Today a Nokia filing detailed the compensation package that outgoing CEO Stephen Elop will receive as he transitions back to his former home, Microsoft, along with large chunks of the company that he led. He’ll take with him around $18.8 million euros, or $25.5 million dollars.
Microsoft will pay 70 percent (13.17 million euros) of that fee, and Nokia will pay the rest (5.65 million euros). The total sum includes Elop’s base salary, “management incentive” and an equity chunk that is currently valued using a Nokia per-share price of 4.12 euros. That’s the level that Nokia traded at before the deal was announced, so Elop is not being paid a premium on that bit of his compensation for having arranged the deal; this removes any potential financial chicanery from occurring.
The sum is small compared to the 5.44 billion euro deal in which Microsoft will acquire key Nokia brands and the company’s handset business, totaling just 0.35 percent of the larger deal. Still, it’s a handy chunk of change for Elop, and a more-than-polite welcome-home gift.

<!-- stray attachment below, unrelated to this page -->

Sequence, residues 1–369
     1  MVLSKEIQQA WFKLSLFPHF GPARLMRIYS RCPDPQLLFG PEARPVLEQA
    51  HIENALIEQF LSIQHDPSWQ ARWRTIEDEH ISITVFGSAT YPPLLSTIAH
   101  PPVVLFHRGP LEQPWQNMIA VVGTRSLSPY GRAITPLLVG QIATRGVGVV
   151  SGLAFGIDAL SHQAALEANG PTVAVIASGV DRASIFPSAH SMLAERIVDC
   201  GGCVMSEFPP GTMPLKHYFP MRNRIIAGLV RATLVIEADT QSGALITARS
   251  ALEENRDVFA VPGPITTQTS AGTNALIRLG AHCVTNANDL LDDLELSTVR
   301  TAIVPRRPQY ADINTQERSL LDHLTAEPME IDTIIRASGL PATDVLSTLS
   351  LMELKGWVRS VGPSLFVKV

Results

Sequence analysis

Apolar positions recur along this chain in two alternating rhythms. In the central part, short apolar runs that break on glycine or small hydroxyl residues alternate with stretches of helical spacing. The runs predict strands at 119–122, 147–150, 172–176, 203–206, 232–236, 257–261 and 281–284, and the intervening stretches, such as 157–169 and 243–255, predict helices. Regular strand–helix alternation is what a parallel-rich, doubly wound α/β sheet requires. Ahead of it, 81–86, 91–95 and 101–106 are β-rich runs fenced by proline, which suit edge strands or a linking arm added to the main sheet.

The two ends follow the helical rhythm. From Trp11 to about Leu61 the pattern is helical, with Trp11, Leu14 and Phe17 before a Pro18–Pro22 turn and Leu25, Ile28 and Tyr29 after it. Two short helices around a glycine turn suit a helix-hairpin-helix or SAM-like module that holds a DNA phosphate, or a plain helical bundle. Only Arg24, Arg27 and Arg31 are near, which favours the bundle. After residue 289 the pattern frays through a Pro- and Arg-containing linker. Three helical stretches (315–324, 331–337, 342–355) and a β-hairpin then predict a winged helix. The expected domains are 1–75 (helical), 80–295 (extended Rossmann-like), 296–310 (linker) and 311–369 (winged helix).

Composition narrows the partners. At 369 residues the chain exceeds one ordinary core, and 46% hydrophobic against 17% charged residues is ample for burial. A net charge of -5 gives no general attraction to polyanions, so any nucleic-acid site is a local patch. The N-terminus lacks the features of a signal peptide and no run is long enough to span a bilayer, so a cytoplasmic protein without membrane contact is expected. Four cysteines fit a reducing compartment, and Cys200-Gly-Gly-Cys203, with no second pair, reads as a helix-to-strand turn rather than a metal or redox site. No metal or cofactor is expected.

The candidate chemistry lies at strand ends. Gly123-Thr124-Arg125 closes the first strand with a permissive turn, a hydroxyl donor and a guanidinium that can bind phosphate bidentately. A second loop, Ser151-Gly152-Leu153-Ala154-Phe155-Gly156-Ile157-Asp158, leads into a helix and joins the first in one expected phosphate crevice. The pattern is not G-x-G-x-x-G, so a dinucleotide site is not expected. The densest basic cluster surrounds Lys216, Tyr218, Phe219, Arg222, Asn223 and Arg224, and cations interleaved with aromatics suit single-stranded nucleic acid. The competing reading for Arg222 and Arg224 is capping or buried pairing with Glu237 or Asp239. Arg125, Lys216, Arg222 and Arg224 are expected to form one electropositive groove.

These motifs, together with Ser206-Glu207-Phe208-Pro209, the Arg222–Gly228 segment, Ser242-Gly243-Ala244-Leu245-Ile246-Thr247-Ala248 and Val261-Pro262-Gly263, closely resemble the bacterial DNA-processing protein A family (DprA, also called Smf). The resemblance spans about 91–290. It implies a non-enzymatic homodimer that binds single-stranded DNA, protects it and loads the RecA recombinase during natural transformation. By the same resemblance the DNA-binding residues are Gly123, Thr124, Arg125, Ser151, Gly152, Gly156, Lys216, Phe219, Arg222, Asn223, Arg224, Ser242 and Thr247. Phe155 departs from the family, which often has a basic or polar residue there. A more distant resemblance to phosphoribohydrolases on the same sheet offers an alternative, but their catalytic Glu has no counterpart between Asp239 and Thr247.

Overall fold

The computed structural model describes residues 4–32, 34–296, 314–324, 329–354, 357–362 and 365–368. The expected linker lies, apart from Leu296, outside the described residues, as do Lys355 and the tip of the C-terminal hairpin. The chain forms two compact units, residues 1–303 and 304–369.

Elop is an oft-discussed potential next CEO for Microsoft. Elop’s return to Microsoft with pieces of Nokia stuffed into his pockets will fuel the persistent speculation that he has long been a plant inside the mobile giant. I’ve never felt that the idea had any truth to it. Elop’s return is as innocuous as his initial departure, as was the Nokia choice of Windows Phone over Android as its next platform of choice. Is Microsoft unhappy with how things shook out? No, but not every pleasant occurrence is call for conspiracy.
The Nokia-Microsoft deal is expected to close in early 2014. That said, most are treating the agreement as done: Microsoft pays a large stack of its foreign cash to pick up the handset assets of Nokia, thus bringing under its own roof the phones that constitute almost 90 percent of its Windows Phone unit volume. It therefore regains control of its own mobile platform, and Nokia can do something else with hopefully stronger margins.
For now, Elop gets a fine check if his deal pulls through, and it should.
Top Image Credit: Vernon Chan